This legislation is consistent with the statutory purpose of this program, especially since its reinvention as a grants initiative in 2010. The bill would simply authorize a small percentage of funds available through the APCP each year to be used to support the collaborative work of humane societies, animal welfare organizations and animal shelters with community-based TNR initiatives so they may improve the quality of life for feral cats in a given area, and improve the character of that community for its residents. This in turn supports sound public health policy by proactively reducing the risk of rabies and other zoonotic diseases."

Why is this important?

It is no surprise to anyone that I am "a crazy cat lady". What most people don't know is that I have been in cat rescue for more years than Facebook has been around, or longer than my husband and I have been together. All of the cats we have now are all the product of feral cats breeding - All of them.
I have also been a caretaker for a feral cat colony for the past 8 years. I've laughed and cried over these guys. I've held kittens while they've died in my arms from sickness, and tricked adults into taking medicine when they were sick. I've lost sleep on nights it was frigid during the winter, and have brought toys and catnip so they can play. I've also taken about 100 kittens from there. Not all of their's, mind you. Some were dumped because people figured out that someone is taking care of cats there (there is a BIG apartment complex just above my colony) I even found a litter of 4 that were tied up in a garbage bag and tossed into a dumpster (all 4 live with me now - Chicken, Sadie, Lilly and Monet). I've done this virtually alone because they are considered "nuisance animals", throw-aways, degenerates, disease carriers; I don't have to go on. The saddest thing is.... the original matriarch of the colony was probably an abandoned, not spayed cat from the apartment complex. It wasn't their fault that they have to live this way, and they didn't choose this for themselves.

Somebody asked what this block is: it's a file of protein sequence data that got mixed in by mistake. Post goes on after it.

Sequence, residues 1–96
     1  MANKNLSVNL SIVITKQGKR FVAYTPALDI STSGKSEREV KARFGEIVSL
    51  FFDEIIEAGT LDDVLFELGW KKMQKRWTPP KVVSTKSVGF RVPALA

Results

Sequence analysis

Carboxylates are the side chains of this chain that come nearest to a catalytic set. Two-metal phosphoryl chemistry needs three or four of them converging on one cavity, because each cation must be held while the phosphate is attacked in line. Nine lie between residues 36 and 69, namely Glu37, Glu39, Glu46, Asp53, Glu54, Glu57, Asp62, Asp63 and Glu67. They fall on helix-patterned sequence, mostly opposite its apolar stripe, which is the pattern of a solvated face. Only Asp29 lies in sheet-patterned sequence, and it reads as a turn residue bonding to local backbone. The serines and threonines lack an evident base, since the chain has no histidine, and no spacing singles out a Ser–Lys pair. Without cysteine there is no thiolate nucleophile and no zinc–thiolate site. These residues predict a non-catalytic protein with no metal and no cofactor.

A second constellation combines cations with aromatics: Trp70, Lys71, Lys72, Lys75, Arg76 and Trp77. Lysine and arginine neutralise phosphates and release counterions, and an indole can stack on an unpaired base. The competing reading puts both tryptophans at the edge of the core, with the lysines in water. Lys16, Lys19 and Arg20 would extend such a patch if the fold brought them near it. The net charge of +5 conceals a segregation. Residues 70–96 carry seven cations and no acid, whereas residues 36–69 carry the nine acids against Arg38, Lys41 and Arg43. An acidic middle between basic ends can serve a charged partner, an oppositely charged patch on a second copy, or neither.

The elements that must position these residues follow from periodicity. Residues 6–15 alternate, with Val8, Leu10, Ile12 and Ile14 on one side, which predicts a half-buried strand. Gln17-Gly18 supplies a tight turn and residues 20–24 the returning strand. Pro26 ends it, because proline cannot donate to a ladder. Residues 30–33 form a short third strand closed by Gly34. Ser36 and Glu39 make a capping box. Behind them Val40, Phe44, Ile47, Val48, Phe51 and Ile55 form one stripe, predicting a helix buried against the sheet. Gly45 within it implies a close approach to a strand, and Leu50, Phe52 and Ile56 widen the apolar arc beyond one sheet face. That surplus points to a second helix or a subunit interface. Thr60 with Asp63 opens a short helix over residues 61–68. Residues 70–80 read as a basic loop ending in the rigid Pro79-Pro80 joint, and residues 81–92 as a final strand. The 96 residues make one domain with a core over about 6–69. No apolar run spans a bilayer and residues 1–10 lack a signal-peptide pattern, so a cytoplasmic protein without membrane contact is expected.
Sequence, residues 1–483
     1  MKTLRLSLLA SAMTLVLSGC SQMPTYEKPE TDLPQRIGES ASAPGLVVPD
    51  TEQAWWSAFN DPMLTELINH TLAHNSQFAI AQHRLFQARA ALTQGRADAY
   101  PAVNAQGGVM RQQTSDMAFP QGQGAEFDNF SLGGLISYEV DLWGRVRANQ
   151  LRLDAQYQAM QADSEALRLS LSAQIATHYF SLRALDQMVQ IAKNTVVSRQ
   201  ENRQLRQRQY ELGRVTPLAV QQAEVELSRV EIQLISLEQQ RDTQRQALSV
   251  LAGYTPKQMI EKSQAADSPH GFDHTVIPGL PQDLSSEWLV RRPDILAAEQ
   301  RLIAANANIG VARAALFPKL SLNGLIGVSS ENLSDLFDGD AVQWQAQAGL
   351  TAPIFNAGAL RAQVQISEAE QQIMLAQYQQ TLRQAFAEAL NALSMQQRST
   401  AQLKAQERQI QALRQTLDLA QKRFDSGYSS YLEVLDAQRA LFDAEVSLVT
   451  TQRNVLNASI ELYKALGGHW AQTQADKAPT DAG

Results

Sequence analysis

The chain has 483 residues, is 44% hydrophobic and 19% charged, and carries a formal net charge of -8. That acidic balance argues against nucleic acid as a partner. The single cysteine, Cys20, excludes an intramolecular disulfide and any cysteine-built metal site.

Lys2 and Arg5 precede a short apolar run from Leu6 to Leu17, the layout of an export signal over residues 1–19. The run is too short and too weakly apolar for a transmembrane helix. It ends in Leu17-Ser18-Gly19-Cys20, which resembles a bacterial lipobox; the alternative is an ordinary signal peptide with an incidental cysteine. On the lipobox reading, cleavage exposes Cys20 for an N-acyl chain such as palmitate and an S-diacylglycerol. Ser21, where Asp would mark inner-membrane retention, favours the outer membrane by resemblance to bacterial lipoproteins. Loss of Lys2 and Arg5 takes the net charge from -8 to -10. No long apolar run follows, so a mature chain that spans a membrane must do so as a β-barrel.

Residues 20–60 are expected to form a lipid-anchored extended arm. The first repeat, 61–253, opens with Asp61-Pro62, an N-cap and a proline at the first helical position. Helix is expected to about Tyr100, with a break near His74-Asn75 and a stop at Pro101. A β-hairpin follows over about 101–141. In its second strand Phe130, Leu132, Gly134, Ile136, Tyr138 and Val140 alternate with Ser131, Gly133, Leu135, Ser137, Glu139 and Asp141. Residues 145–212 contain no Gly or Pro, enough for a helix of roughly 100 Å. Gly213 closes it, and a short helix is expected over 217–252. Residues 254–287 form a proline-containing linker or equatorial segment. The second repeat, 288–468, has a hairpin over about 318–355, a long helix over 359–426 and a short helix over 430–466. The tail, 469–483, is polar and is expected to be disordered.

I also work with a rescue. ALL of the kittens, this year, were a direct result of feral females birthing kittens. In fact, we are at kitten capacity now because of it! We've had to turn away adults because of it - perfectly adoptable adults. The same is true at other rescues. The animal shelters, during kitten season, have to euthanize perfectly adoptable adults because of overpopulation. And guess what? It's going to get worse unless we find a solution, besides euthanasia, that will stop feral cats from breeding.
In NYC "Intakes fell 35 percent, to 18,219 in 2013 from 27,940 in 2009, according to Animal Care and Control of NYC, a nonprofit organization that has a contract with the city to take in rescued animals. Euthanasia numbers (excluding requests from owners) fell 63 percent, to 3,044 in 2013 from 8,122 in 2009." Results.... proactive, not reactive.
The TNR bill that was vetoed was an important tool for us who work with feral cats. This bill, unlike most, would not increase taxes or be a burden to taxpayers. The monies to fund the program would come from the Agricultural and Markets budget. The opposition (mainly PETA and Audubon) says it doesn't work. They opposed it without doing their own research. There have been NUMEROUS studies that show it DOES work! Governor Cuomo couldn't be bothered to even read the bill or do his due diligence before vetoing the bill. He turned a blind eye to a need that is unmet in this state.
NOTHING will change, unless we override this veto. I speak on behalf of the homeless, abandoned and forgotten cats, the ones without voices. Please support this petition.
Julie Moses